Category Archives: Obesity As a Disease

40% of U.S. Women Are Now Obese

(First published in

by Alexandra Sifferlin

New numbers show obesity in the United States are high, especially among women

The number of Americans who are overweight or obese continues to reach shocking highs, with some estimates that more than two-thirds of American adults are now overweight or obese. Now, a new study reveals that while obesity rates in men have plateaued, rates have continued to rise among women.

The study, published Tuesday in the journal JAMA, reveals that for the years 2013-2014, the obesity prevalence was 35% for men and 40% for women. When looking at trends over time, the researchers found that from the year 2005 to 2014 there were significant and steady increases in the number of American women who were very obese.

Another study also published Tuesday in JAMA by many of the same researchers revealed that over the last 25 years, there has been a slight increase in obesity among young people ages 12 to 19. The prevalence of obesity among kids ages 2 to 5 has gone down, and it has leveled off in kids ages 6 to 11.

“The obesity epidemic in the United States is now three decades old, and huge investments have been made in research, clinical care, and development of various programs to counteract obesity. However, few data suggest the epidemic is diminishing,” Dr. Jody W. Zylke, the deputy editor of JAMA and Dr. Howard Bauchner, the Editor in Chief of JAMA, wrote in a corresponding editorial.

To reach the findings, study authors from the National Center for Health Statistics at the U.S. Centers for Disease Control and Prevention (CDC) looked at 2013-2014 data for 2,638 adult men and 2,817 adult women. They also looked at national survey data from 21,013 people who were interviewed from 2005 through 2012.

The number of adults with a body mass index (BMI) of 40 or higher, which is considered high-risk obesity, was 7.7%. For men specifically it was 5.5% and for women it was 9.9%. BMI is not a perfect measure of health and is based on a person’s weight and height ratio rather than their actual amount of body fat. Still, the numbers are in line with what other studies have reported regarding the state of the obesity epidemic in the United States.

In the editorial, Zylke and Bauchner argue that progress over the last 30 years has been far too slow, and that new methods may need to be adopted: “Perhaps it is time for an entirely different approach, one that emphasizes collaboration with the food and restaurant industries that are in part responsible for putting food on dinner tables,” they write.

ADHD in Children Linked to Adult Obesity. Treatment Prevents it.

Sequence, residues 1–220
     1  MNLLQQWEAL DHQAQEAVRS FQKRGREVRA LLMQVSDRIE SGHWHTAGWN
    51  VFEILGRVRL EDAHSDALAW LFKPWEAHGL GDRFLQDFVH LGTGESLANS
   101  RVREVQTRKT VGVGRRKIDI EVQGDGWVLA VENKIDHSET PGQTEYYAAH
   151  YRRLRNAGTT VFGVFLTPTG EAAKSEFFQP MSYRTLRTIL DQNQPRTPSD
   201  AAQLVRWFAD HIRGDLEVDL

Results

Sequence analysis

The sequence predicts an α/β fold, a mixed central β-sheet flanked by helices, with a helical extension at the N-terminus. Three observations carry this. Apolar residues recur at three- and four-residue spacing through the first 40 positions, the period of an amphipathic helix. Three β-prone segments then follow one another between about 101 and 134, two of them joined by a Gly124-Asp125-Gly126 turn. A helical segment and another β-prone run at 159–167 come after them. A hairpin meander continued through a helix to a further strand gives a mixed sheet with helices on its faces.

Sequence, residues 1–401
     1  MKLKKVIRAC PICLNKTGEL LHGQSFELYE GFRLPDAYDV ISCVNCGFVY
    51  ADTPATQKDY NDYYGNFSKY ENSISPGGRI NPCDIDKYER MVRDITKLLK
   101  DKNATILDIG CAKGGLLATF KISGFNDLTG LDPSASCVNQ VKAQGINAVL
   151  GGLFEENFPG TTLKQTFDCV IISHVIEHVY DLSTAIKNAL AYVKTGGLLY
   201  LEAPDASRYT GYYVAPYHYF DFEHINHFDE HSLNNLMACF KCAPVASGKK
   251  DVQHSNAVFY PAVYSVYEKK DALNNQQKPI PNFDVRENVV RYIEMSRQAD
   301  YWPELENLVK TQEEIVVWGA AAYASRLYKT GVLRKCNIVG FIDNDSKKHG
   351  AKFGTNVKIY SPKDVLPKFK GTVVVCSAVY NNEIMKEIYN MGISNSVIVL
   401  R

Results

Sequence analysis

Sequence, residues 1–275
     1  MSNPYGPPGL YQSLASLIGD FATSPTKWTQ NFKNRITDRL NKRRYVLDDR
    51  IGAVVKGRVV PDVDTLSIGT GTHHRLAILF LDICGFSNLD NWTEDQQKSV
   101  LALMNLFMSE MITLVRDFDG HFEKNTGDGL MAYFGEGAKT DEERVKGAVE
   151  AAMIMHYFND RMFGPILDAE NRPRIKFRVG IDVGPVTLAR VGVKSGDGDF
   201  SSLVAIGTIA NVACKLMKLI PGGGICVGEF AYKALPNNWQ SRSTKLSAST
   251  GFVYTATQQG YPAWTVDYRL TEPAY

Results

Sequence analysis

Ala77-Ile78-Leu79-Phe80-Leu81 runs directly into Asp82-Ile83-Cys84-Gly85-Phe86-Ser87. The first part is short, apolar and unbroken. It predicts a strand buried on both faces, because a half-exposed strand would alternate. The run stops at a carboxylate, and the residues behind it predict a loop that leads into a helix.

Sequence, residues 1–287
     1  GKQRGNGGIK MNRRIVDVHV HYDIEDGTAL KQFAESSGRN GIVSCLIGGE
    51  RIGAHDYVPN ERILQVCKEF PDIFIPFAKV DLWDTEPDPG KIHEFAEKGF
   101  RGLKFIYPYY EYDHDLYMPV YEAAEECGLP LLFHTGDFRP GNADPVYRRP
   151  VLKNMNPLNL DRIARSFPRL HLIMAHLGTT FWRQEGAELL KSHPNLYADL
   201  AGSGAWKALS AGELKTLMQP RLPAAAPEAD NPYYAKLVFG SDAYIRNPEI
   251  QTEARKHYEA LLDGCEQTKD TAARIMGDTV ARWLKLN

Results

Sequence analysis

A new study conducted by researchers at the Mayo Clinic suggests that female children who suffer from attention deficit hyperactivity disorder are more likely to become obese later in life compared to children who do not have the condition.

Kumar and her team discovered that female participants who had ADHD experienced a twofold higher risk for obesity throughout their childhood and adult lives compared to those who did not have the condition.

They also found that children who received stimulant treatment for their ADHD did not experience any increased risk of obesity as a result of the procedure.

Click on the link below or copy and paste the web address to read the article about this study.

Obesity As a Disease

The AMA has officially classified obesity as a disease. Because it is now a recognized disease, it will be more difficult to defend being overweight as OK. Welcoming a disease is not healthy or smart.

While I have been harshly critical of anti-obesity bias, hate and discrimination, I have also faulted “fat acceptance”.  Rather than help overweight people accept themselves while solving their obesity problem, some would have obese people suffer ill health and feel OK while doing nothing to change it. That will be more difficult now. Having a disease without trying to fix it is pathological in itself.

However, we need to remember that the obesity epidemic has been brought on by changes in our culture, environment and behavior. The quadrupling of the obesity rate in children was not caused by something that drugs or surgery will change. Most of the praise of the AMA’s decision is saying it is a good thing because surgery and drugs are more likely to be covered by insurance. The rush to have insurance pay for drugs and surgery to treat obesity needs to be examined. Is it about money or health?

Whether you see a behavior therapist, go to groups like OA or WW, or read science based books like mine,  if you are real overweight, you now need to confront the fact that you have a disease that needs to be addressed. That’s the best outcome of the AMA’s decision to label obesity a disease.